afrol News, 7 July - Desmond Tutu, the former Archbishop of Cape Town and a Nobel Peace Price winner, has lent his name to the fight against homophobia in Africa and around the world. The prominent South African says homophobia is a "crime against humanity" and "every bit unjust" as apartheid.
The former head of the Anglican Church in Southern Africa made these statements at the launching of the book "Sex, Love & Homophobia", published last week by Amnesty International UK. Mr Tutu has written the foreword to the human rights group's book.
- We struggled against apartheid in South Africa, supported by people the world over, because black people were being blamed and made to suffer for something we could do nothing about; our very skins, wrote the prominent Church leader. "It is the same with sexual orientation. It is a given," he added.
Mr Tutu says he could not have fought against the discrimination of apartheid and not also fight against the discrimination which homosexuals endure. "And I am proud that in South Africa, when we won the chance to build our own new constitution, the human rights of all have been explicitly enshrined in our laws," he said, adding that he hoped this soon would also be the case in other countries.
South Africa is so far the only country in the world where the constitution guarantees equal rights non-regarding sexual orientation. This is in stark contrast to most of South Africa's neighbour countries, where homosexulality often is punished by the penal code. Only recenty, a Botswana High Court ruling reaffirmed this legal practice.
- Yet, all over the world, lesbian, gay, bisexual and transgender people are persecuted, writes Archbishop Tutu. "We treat them as pariahs and push them outside our communities. We make them doubt that they too are children of God - and this must be nearly the ultimate blasphemy. We blame them for what they are," he adds.
He also regrets the dominant view among his church colleagues. "Churches say that the expression of love in a heterosexual monogamous relationship includes the physical, the touching, embracing, kissing, the genital act - the totality of our love makes each of us grow to become increasingly godlike and compassionate. If this is so for the heterosexual, what earthly reason have we to say that it is not the case with the homosexual?" Mr Tutu asks.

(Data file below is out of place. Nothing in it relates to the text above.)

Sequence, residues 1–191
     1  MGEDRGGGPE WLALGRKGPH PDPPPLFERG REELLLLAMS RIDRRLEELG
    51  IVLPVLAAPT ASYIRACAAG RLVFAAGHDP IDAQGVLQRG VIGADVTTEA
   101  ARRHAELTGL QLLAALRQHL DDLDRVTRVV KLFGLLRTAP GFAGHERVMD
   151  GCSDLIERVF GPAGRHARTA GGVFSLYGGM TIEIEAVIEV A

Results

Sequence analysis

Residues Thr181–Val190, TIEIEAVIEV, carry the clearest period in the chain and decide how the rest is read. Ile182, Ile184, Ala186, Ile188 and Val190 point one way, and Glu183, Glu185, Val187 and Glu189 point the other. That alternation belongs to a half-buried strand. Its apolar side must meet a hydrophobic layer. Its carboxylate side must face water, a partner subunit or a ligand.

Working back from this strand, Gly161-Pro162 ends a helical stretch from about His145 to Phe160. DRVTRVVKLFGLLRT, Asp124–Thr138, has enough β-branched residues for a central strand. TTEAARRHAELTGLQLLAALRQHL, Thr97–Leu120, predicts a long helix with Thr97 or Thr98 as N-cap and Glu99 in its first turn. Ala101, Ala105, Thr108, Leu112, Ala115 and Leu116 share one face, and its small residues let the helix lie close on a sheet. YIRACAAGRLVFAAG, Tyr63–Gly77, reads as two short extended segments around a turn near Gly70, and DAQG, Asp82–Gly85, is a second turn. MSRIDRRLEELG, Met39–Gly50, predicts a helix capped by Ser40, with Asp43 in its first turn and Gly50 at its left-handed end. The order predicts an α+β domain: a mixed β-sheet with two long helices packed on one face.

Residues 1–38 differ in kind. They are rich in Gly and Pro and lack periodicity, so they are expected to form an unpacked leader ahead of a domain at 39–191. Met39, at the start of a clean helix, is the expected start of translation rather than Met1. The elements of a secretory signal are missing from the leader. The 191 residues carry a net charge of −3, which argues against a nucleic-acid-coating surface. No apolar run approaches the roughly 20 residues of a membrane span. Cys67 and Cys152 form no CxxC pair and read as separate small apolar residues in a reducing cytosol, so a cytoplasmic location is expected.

Also within the Anglican Church, homosexuality is highly controversial and an ongoing conflict has threatened to split the global Anglican Communion. The current head of the Anglican Church in Southern Africa, Njongonkulu Ndungane, has been an outspoken supporter of including homosexuals in the Church community, putting himself in a strong-worded conflict with other African Church leaders.
In its new book, Amnesty reports on the life stories of gay and lesbian people around the world. These include Poliyana Mangwiro who was a leading member of Gays and Lesbians of Zimbabwe despite President Robert Mugabe's protestations that homosexuality is "against African traditions".
The book also includes the story of Simon Nkoli, a South African ANC activist who after spending four years in prison under apartheid went on to be the face of the struggle for gay rights in the new South Africa. Further, stories of hate, fear and persecution are reported from Nigeria, Egypt and other countries, in addition to reports from the states where homosexuality punishable by death; including Sudan, Mauritania and some Northern Nigerian states.
For Archishop Tutu, these "destructive forces" of "hatred and prejudice" are an evil. "A parent who brings up a child to be a racist damages that child, damages the community in which they live, damages our hopes for a better world. A parent who teaches a child that there is only one sexual orientation and that anything else is evil denies our humanity and their own too," Mr Tutu concludes.
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